Assam government drew criticism for the delay in deployment of the Army. Government claimed that his government had asked for immediate help of Army from centre but the help delayed. Had the Army arrived earlier, the situation would have been different, many lives could have been saved. Assam government said that it had requested centre not to reduce the strength of Central forces but centre reduced it and deployed it somewhere else. The Central forces could have helped to minimise the damage that was caused.

The Assam government has denied several times that there are issues of infiltration in Assam but the figures shows the different story altogether.






















(source-The Indian Express) (land in bighas)
The issue of illegal migrants is not a very small one. It has been rising and still rising. It is needed to checked. This issue has been proved as a stumbling block at all the peace meetings. Bodoland People's Front Party leader Darao Narazy believes that "If the land is not cleared immediately, peace will not last in Bodoland". Indigenous population in Assam believes that their employment opportunities are hampered by these increasing immigrant population. These violent clashes are result of these only.

Institutional Racism In India

If anyone says about racism being practised in India, it will seem as an alien concept to Indian. But the story is a bit twisted in India. Racism is practised, but in an institutional manner. North-eastern are often addressed by saying 'chinki' and we find it quite casual, but for a north eastern it is not at all casual. It leaves them disturbed. A sizeable number of north-eastern people live in metropolitan cities and in major urban areas of country for education and employment. It is reported that these people face discrimination as they are addressed with derogatory adjectives and sometimes they face violence too. The sad side of racism in India is this that it is not discussed. It is not believed that racism is practised in India and no extensive literature discusses this issue. 'Racial' slur 'chinki' is persistently used by mainland India to categorise the north-eastern. It is generally used to identify them. No one believes that this is derogatory. It is so common, a very common line of argument on this is that 'chinki' is an endearing nickname in north India just like 'madrasi' is for south Indians in north India. What is the big deal in calling 'chinki'?

One needs to realise that 'chinki' is not an endearing nickname and never was. And not even calling whole 'south Indians' by a common name 'madrasi' shows any love towards them. It only symbolises 'cultural rejection'. A simple answer could be given to argument by another question, why only residing place is chosen to frame this so called endearing adjective and not anything else? Secondly, when a north-eastern is addressed by the name 'chinki' it is meant to abuse them, it carries a feeling of rejection and oppression. It shows that north-eastern people are not treated equally because they do not have equal power to respond to north Indians. North east suffers discrimination in jobs as well, they are mostly offered jobs in hospitality such as receptionist or in beauty parlour. How many north eastern people are seen in main cinema?

After the mysterious and controversial deaths of Richard Loitam in Bangalore and Dana Sangma in Gurgaon in April 2012, a debate was opened up on racism on primetime news channels. Racism was discussed as an issue prevailing in India.

One outcome of this debate was that the Ministry of Home Affairs(MHA) sent letter to all the states stating that all the offenders shall be booked who are guilty of atrocities against people from region under the Scheduled Castes and Scheduled Tribes (Prevention of Atrocities) (SC/ST) Act since a significant number of persons from the north-east belong to the scheduled tribes (STs). But laws alone cannot make any difference unless until the mindset of people changes.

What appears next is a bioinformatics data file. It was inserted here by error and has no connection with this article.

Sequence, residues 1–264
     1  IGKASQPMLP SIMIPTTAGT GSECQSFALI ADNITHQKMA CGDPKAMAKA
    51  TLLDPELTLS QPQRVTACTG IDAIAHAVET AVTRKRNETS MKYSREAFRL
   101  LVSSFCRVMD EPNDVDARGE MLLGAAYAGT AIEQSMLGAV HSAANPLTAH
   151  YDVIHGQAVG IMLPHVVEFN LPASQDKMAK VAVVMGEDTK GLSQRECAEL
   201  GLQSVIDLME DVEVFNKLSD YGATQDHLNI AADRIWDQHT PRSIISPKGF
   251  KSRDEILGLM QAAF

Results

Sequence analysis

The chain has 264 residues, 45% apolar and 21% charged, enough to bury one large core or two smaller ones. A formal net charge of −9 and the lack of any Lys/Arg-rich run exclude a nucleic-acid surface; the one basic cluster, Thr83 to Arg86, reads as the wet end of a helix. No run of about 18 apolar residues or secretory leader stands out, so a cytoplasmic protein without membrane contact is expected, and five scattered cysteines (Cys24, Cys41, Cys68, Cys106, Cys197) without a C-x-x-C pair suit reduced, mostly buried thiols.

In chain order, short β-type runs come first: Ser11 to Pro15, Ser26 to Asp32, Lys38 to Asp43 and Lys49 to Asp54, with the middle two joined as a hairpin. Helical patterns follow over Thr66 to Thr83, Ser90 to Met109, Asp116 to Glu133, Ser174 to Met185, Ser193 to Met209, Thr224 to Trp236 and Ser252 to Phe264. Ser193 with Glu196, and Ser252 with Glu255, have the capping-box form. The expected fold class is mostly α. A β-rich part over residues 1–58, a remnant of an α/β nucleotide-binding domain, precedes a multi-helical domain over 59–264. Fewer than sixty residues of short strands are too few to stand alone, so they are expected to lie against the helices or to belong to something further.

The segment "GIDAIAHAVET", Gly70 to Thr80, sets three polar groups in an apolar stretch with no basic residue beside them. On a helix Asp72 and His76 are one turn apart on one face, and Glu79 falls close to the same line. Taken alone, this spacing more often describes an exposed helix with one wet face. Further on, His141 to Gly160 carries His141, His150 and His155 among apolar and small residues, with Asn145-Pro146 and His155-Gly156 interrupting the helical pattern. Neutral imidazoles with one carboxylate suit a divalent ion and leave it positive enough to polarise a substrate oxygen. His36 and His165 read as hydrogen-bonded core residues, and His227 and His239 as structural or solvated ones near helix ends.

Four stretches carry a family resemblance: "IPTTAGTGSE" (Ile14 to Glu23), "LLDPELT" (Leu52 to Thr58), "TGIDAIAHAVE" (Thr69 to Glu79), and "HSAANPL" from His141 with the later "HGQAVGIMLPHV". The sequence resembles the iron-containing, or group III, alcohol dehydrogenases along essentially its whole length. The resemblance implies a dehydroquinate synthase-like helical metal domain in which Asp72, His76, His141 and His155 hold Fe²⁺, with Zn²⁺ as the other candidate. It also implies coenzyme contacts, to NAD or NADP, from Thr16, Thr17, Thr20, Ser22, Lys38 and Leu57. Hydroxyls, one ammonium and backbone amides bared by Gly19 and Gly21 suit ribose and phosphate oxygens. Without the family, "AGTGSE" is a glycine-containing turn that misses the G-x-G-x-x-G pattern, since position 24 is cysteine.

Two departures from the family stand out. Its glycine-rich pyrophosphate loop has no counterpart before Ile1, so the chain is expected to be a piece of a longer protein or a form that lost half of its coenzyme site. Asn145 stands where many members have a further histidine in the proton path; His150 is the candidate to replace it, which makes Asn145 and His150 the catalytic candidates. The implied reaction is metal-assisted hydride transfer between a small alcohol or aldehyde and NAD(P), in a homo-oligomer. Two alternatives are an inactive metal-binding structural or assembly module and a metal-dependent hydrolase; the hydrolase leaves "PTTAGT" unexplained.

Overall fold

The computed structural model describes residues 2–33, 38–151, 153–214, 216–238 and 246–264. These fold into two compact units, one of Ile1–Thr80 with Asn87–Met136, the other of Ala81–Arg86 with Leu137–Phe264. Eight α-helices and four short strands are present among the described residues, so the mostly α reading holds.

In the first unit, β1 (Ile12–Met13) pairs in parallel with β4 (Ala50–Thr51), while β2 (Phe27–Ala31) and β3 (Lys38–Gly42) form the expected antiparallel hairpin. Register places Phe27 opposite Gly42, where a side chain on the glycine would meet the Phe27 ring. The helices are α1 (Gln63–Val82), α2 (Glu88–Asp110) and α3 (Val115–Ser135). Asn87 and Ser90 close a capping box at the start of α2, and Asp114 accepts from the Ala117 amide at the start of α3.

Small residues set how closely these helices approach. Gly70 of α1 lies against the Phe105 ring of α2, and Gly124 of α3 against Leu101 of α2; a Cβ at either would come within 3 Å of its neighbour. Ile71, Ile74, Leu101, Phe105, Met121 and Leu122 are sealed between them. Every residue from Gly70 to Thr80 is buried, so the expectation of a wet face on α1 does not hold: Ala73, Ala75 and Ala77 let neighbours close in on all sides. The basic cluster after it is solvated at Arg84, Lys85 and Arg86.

Solutions And Suggestions
The problems in north east is needed to be tackled very carefully with keeping the interests of indigenous population as well as helpless migrants. Here are some ideas that can be used to solve the issues. Since north east has spectacular natural beauty, it can be used as an efficient source of revenue generation which will in turn increase the living standards. If tourism is encouraged people can find employment in hospitality. Second good thing that can provide people with employment opportunities are infrastructure development. Companies are daunted in investing in Assam because of the disputes. They are needed to be enticed by some tax exemption schemes and assurance of securities. Business can connect north east to whole India and to the whole world. And if Assam is connected to rest of the parts then it would certainly get the media coverage and then these disturbances will be difficult to ignore. And as long as the problems of institutional racism is concerned, it can only be corrected by correcting the mindset of general public. They need to accept north-eastern people. And if acceptance proves to be very difficult, then people need to learn to draw line between being intolerant and being violent. Filmmaker Kalpna Lajmi is making sincere efforts to bring north eastern people into main cinema and is trying to help them come out of recent chapters of violence with the help of other actors like Shabana Azmi, Javed Akhtar and some more. This type of efforts should be encouraged. North east needs India for their support.

# The Hindu
# The Indian Express
# Economic and Political Weekly
# Frontline
# India Today
# A Preface to Racial Discourse in India (Swar Thounaojam: Economic and Political Weekly)
# Let's stop pretending there's no racism in India(Yengkhom Jilangamba: The Hindu)
# Assam's Sorrow(Sushanta Talukdar: Cover Story: Frontline)
# Riots & the bogey of Bangladeshis(Banjit Hussain: The Hindu)
# Official Websites of NEWS Channels and newspapers
[1] The Hindu(Riots & the bogey of Bangladeshis, August 8th, 2012)
[2] The Indian Express( Ahmedabad edition, State Of Inertia, Aug 8th 2012, pg-6)
[3] Frontline, Cover story, Assam's Sorrow(August 24,2012)
[4] Raza Academy is the Sunni organization of Muslims in India, it aims to promote Islamic Sufi Culture through publications and research works.
[5] Ahmedabad edition, Sept 12th, 2012, pg-6)
[6] The Indian Express(Ahmedabad, Sept 12th, 2012, pg-6)
[7] Times Of India, Ahmedabad(August 26th, 2012, pg-17)

Authors contact info - articles The  author can be reached at: dhananjaykashyap@legalserviceindia.com